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Squaring both members of (1) and (2),

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Adding (3) and (4), and omitting the common fac

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Now, if a b is a perfect square, its root may be represented by c. Substituting in (V) and (8), and extracting the square root of each member of both equations, (axiom 5), we have,

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These values, substituted in (1) and (2), give,

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The square root of the given quantities may be extracted when a?

b is a perfect square, and the roots may be obtained, by substitution, from (9) and (10).

EXAMPLES.

1. Required the square root of 14 +675=14+V180.

Here, a=14, b= 180, and c= V196 – 180 = 4: hence,

V 14 + 6 V5 =

14 + 4

+ 2

14 - 4

2

3+V5.

2. Required the square root of 18 – 2V77.

Here, a = 18, b=308, and c= V324 — 308 = 4; hence,

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3. Required the square root of 94 + 42V5.

Ans. y + 375.

4. Required the square root of 28 + 10V3.

Ans. 5 + 13.

6o. Operations on Imaginary Quantities.

136. An imaginary quantity has been defined to be an indicated even root of a negative quantity.

The rule deduced for multiplying radicals requires some modification, when applied to imaginary quantities. By the rule already deduced, the product of v-4 by ✓ - 3 would be equal to V12; whereas,

the true product is -V12, as will be shown hereafter.

Every imaginary quantity of the second degree can, by principle 1°, (Art. 125), be resolved into two factors, one of which is ✓ – 1; the other factor may be either rational or irrational. Thus,

7–4=2V-1, V-3=V3x V-1, varav -1. The factor, V-1, is called the imaginary factor, and the other one is called its coefficient. Thus, in the expression, V3 V-1, the factor V3 is the coefficient of the imaginary factor ✓– 1.

When several imaginary factors are to be multiplied together, we first reduce them to the form, av – 1. We can then multiply together the coefficients of the imaginary factor by known rules. It remains to deduce a rule for multiplying together the imaginary factors, or what is the same thing, for raising the imaginary factor to a power whose exponent equal to the number of factors.

The first power of V - 1, is ✓-1; the second power, by the definition of square root, is – 1; the third power, is the product of the first and second powers, or -1xV1x V-1

v=1; the fourth power, is the square of the second power, or +1; the fifth, is the product of the first and fourth, that is, it is the same as the first; the sixth, is the same as the second; the seventh, the same as the third ; the eighth, the same as the fourth; the ninth, again, the same as the first; and so on indefinitely, as shown in the table, n being any whole number.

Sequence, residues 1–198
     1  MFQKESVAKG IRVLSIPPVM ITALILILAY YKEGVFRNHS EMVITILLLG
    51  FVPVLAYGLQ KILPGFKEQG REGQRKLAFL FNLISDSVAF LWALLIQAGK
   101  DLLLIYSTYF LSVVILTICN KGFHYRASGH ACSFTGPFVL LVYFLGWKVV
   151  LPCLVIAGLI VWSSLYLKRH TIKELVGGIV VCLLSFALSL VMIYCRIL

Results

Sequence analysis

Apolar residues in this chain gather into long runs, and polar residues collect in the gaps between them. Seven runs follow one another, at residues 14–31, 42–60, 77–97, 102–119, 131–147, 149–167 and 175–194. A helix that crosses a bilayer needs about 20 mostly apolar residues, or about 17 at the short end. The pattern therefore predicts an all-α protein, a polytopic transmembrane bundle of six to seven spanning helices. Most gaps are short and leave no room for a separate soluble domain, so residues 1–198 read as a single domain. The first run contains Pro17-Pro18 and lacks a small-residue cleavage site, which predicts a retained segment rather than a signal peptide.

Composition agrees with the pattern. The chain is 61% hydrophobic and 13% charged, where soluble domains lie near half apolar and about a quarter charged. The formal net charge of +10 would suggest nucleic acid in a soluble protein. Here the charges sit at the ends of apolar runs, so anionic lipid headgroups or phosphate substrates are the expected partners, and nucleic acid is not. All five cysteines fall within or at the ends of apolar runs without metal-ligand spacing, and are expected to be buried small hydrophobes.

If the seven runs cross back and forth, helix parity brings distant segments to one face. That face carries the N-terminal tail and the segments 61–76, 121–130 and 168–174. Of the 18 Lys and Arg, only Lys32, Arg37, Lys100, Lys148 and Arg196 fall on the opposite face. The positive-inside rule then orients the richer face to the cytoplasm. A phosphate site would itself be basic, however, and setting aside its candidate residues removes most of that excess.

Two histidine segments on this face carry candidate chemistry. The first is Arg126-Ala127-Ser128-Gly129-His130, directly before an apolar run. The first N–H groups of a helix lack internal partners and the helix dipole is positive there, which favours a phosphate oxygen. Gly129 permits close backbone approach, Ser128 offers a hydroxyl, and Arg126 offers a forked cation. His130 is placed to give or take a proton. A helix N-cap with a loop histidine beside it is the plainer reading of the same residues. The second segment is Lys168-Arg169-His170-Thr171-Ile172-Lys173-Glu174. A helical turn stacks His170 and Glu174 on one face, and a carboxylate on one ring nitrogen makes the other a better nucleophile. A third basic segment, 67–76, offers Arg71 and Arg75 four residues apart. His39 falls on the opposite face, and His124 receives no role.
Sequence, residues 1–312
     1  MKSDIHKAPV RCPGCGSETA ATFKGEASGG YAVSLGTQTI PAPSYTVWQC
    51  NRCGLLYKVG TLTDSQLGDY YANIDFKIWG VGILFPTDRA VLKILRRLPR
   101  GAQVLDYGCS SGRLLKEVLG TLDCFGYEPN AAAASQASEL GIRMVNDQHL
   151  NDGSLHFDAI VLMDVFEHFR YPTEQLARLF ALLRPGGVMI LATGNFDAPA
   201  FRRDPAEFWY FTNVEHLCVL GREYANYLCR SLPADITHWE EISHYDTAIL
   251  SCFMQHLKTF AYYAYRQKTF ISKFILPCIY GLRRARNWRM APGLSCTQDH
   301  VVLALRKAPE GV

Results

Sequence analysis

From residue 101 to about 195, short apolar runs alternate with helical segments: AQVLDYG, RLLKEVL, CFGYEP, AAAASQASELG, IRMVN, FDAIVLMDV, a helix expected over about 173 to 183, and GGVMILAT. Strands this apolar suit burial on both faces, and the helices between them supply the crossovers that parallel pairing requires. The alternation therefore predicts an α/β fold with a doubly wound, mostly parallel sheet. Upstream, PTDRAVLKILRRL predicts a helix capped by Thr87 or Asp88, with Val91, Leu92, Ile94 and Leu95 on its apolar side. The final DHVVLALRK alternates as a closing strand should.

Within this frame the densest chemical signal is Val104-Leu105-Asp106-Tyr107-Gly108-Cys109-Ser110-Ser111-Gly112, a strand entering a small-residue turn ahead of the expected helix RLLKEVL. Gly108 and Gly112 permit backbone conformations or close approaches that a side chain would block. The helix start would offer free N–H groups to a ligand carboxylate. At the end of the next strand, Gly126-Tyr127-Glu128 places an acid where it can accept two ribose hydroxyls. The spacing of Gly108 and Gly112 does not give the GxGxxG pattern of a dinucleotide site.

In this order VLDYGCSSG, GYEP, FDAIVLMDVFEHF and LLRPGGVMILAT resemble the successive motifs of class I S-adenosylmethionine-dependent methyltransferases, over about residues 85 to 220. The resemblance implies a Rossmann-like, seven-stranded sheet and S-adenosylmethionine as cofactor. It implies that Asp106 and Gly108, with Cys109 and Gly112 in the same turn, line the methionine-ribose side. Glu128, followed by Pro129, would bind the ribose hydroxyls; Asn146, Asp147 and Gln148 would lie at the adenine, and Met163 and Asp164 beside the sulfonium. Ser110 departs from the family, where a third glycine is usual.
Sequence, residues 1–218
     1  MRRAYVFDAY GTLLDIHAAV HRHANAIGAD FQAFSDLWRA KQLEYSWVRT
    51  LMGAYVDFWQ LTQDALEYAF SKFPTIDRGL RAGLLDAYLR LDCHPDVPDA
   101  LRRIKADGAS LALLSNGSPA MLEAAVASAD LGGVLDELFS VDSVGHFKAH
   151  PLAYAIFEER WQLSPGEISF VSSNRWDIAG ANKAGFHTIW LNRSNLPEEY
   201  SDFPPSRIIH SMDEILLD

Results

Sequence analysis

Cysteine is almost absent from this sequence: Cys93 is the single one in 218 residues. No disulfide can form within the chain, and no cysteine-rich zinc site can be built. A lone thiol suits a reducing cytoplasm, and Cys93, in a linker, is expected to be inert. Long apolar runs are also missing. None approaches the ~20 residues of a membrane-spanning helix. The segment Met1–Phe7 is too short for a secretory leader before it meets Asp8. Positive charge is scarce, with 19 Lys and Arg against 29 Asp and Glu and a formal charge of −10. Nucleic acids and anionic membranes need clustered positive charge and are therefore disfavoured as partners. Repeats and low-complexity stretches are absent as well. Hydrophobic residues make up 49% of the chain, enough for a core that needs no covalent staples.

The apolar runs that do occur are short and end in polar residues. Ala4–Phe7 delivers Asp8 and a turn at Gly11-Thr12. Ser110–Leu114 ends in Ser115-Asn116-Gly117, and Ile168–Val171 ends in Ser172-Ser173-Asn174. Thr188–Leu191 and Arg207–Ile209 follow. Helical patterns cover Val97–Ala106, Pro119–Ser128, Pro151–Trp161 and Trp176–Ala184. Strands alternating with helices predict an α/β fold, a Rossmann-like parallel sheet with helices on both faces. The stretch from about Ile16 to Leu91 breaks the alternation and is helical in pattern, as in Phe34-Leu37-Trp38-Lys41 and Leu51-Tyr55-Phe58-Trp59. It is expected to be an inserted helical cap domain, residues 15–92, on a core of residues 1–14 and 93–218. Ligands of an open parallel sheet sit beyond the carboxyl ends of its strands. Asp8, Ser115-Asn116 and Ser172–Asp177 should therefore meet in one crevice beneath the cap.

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To show the use of this table, let it be required to find the continued product of — 4, V – 3, V – 2, V 7, and 8. Reducing these expressions to the proper form, and indicating the multiplication, we have, 2v1 x V3V-1 xV2V-1xViV-1x2v2V 1.

Changing the order of the factors,

(2 X V3 X V2 X V1 x 2V2) (V — 1)5.

Hence, the product is equal to, 8V21 x V-1=8V — 21.

EXAMPLES.

Perform the multiplications indicated below:

1. Vx V = 62. Ans. a x b(V-1)2 = ab. 2. V-a? x V 62 x v.

Ans. abc (V— 1), = - abcv — 1. 3. V = a x V = 72 x v CZ x V = d2.

Ans. abcd (V–1)4

= abcd. 4. (4 + V— 2) (3 – V–2). Ans. 14 - V–2. 5. (2 – V— 2) (2 – V–2). Ans. 2 – 4V — 2. 6. (3 – V — 2) (3 + V – 2).

Ans. 11.

From what precedes, it follows that the only radical parts of any power of an expression of the form, a Łov-1, will be of the form CV - 1.

Properties of Imaginary Quantities.

138. 1o. A quantity of the form, av. – 1, cannot be equal to the sum of a rational quantity and a quantity of the form, bv1

For, if so, let us have the equality,

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squaring both members, we have,

a? = x2 + 26xv=1-62; transposing, and dividing by 26x,

72 - a2 - 22 V-1

26x an equation which is manifestly absurd, for the first member is imaginary, and the second real, and no imaginary quantity can be equal to a real quantity; hence, the hypothesis is absurd; and, consequently, the principle enunciated is true.

In the same way, it may be shown that no radical of the second degree can be equal to an entire quantity plus a radical of the second degree.

2o. If, a +bV-1 = x + yv — 1, then a = x,

and b = Y

For, by transposition, we have,

bV-1 = (x – a) + yv- 1;

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